Corporation, December 2000). Also see Ren Xiao, The International Relations Theoretical Discourse in
China: A Preliminary Analysis (Sigur Center for Asian Studies, George Washington University, Asia
Paper No. 9, http://www.gwu.edu/,sigur/pubs/SCAP9-Xiao.pdf; Denny Roy, ``China's pitch for a
multipolar world: the new security concept,'' Honolulu, HI: Asia-Pacific Center for Security Studies,
Vol. 2, May 2003.
48 Robert L. Suettinger, ``The rise and descent of `peaceful rise'.'' See also See Evan Medeiros, ``China
debates its `peaceful rise' strategy,'' YaleGlobal Online, 22 June 2004, http://yaleglobal.yale.edu/display.
article?id54118.
49 On this point see Evan S. Medeiros, ``Agents of influence: assessing the role of Chinese foreign policy
research organizations after the 16th Party Congress,'' in Andrew Scobell and Larry Wortzel (eds.),
Civil±Military Change in China (Washington, DC: The American Enterprise Institute, September 2004).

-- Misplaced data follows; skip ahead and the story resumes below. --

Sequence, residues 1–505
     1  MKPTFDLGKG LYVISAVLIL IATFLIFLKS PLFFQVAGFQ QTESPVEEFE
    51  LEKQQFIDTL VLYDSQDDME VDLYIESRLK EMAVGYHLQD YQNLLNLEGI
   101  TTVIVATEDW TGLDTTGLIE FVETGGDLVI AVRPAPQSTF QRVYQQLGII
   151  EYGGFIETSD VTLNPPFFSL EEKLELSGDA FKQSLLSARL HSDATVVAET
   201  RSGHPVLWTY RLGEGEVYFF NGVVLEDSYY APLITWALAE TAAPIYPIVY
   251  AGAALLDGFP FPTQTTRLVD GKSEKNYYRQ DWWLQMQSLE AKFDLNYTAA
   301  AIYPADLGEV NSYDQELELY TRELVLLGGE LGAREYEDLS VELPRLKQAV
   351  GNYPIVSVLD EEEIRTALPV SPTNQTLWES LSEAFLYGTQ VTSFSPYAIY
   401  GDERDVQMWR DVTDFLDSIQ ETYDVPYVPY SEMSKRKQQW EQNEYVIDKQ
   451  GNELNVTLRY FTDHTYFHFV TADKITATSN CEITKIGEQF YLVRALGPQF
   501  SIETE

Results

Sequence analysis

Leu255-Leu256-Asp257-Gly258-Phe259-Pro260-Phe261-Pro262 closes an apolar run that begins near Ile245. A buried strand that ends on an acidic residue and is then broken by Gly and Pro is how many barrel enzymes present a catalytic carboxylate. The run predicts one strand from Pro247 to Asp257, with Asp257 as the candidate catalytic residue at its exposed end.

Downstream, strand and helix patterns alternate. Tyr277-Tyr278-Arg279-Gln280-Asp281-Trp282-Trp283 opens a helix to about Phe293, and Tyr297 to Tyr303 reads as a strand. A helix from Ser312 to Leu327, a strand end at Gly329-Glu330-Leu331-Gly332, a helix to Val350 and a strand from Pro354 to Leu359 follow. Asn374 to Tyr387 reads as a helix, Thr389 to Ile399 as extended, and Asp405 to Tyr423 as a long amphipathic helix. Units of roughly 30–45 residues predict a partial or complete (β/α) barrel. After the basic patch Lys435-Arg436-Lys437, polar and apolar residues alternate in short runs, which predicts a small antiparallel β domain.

The Changing Ecology of Foreign Policy-Making 307
In the end, the critics prevailed, but only to a very narrow degree: the conceptual
content was not altered and the term continues to be used.
Given these considerations, especially the changing political climate in China,
a further implication of the peaceful rise debate is that timing and external
events clearly matter. They were at least as important as the intense domestic
debate in influencing the leadership's shift to peaceful development as the
official slogan. The re-election of Chen Shui-bian in March 2004 and China's
substantially increased anxiety created a political milieu in which many were
immediately concerned about the implications of peaceful rise for China's ability
to manage the Taiwan Strait issue. A Central Party School professor predicted
that ``if the Taiwan issue calms down, then perhaps the leadership will consider
`peaceful rise' again.''